Prone Position In the prone position the patient is lying with the abdomen on the operating table mattress. This position and variations of this position provide surgical access to the cervical spine, back, rectal area and lower extremities. The patient is usually anesthetized in the supine position on a stretcher then rolled onto the operating table. The patient should be turned using at least four people while the anesthesia provider maintains the airway and stabilizes the head. The turning movement should be slow, gentle and uniform by all four team members. Hypotension is a common problem that can occur when an anesthetized patient is rapidly turned. Careful checking of the fingers is mandatory so that correct anatomical positioning can be ensured after placing the patient in the prone position. The respiratory system is the most vulnerable to complications during the prone position. When lying prone, chest movement is limited, thus decreasing vital capacity and tidal volume. Padded chest rolls (extending bilaterally from the shoulders to the iliac crest) or a special prone positioning frame will allow for chest movement so that the respiratory system is not compromised or restricted. Extra pressure pads should be applied to the chest, knees and ankles as the pressure exerted in the prone position is usually greatest on these areas. A small pillow should be placed under the patients feet to prevent pressure from developing over the foot dorsum and to facilitate venous return by slightly elevating the lower extremities.

Jack knife position ( Kraske )

Used for anal surgeries, pilonidal sinus excision. Places patient prone with head & feet at a lower level.

Lithotomy Position
Lithotomy is the most extreme of the supine positions. When the patient is supine, the buttocks are brought to the lower break in the table and the legs are raised and abducted to give surgical access to the perineal and rectal area. Procedures on the prostate, vagina, groin and rectum are performed in the lithotomy position. This is the second most common surgical position. When positioning the patient into lithotomy, two team members are needed to lift and position the legs slowly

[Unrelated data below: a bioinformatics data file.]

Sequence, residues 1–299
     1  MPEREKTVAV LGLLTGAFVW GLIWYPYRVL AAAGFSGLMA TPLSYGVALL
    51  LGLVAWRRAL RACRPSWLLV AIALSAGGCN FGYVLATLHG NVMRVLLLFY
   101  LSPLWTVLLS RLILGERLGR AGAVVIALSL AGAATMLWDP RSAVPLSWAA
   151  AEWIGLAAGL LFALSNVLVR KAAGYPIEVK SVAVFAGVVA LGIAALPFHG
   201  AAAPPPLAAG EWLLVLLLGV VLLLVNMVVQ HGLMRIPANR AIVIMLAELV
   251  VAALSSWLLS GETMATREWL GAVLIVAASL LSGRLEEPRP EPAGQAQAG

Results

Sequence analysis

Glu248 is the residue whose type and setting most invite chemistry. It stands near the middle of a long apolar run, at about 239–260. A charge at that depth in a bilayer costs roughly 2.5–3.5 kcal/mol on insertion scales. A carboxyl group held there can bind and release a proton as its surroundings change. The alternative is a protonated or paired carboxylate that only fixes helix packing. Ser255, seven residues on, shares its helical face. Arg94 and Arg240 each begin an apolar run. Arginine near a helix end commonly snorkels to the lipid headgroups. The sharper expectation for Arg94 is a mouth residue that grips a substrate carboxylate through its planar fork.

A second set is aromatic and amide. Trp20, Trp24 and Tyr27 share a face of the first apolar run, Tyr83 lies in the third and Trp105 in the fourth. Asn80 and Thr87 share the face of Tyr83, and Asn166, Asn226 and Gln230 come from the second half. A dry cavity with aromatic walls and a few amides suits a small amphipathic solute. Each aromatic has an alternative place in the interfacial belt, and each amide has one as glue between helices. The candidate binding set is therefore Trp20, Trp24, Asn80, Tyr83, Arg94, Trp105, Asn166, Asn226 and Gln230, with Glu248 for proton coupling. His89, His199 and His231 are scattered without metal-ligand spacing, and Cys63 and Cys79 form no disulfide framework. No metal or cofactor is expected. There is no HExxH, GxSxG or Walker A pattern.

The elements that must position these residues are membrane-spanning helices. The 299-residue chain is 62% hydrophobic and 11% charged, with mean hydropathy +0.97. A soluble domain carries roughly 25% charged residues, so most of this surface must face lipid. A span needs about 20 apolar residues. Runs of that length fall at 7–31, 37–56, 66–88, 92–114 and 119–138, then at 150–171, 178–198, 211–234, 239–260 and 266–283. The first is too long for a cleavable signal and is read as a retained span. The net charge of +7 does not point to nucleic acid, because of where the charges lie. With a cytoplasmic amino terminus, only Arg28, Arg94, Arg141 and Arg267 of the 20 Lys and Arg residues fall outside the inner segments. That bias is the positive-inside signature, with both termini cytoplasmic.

and simultaneously to avoid causing back strain and hip dislocation in the patient. Proper placement of the legs in the stirrups is also critical. The stirrups should be of equal height and attached to the OR table at the same level. If additional exposure is needed, flexion or internal rotation should be done at the hip and not at the knee. Patient positioning must be checked to maintain hip-knee-foot alignment so as to avoid over abduction of the knee. Extreme care should be taken with patients who have hip prosthetics. Newer, booted stirrup systems have been designed that incorporate hydraulic power to assist with proper stirrup positioning thus minimizing the potential for patient or healthcare worker injury. These booted stirrups help ensure correct anatomical alignment, which is very difficult to achieve with the candy-cane style stirrups shown in the illustration below. When the patient is finally positioned, the bottom of the operating table is lowered for access to the surgical site. When the table end is lowered and then raised again, the patients fingers must not be near the table break as injury could easily occur. Positioning the patient in lithotomy has a great risk for causing patient injury if not performed appropriately. Respiratory function of the patient in lithotomy is impaired due to the extreme flexion of the thighs creating an increase in intra-abdominal pressure against the diaphragm, which decreases the tidal volume. Venous pooling can occur in the splanchnic region during the operative procedure from the gravity flow of blood from the elevated legs. Circulation is enhanced by using support hose while the legs are in stirrups or leg holders. Pressure management pads should be used to line the leg holders to prevent pressure sores and nerve damage to the perineal, popliteal and calcaneous areas.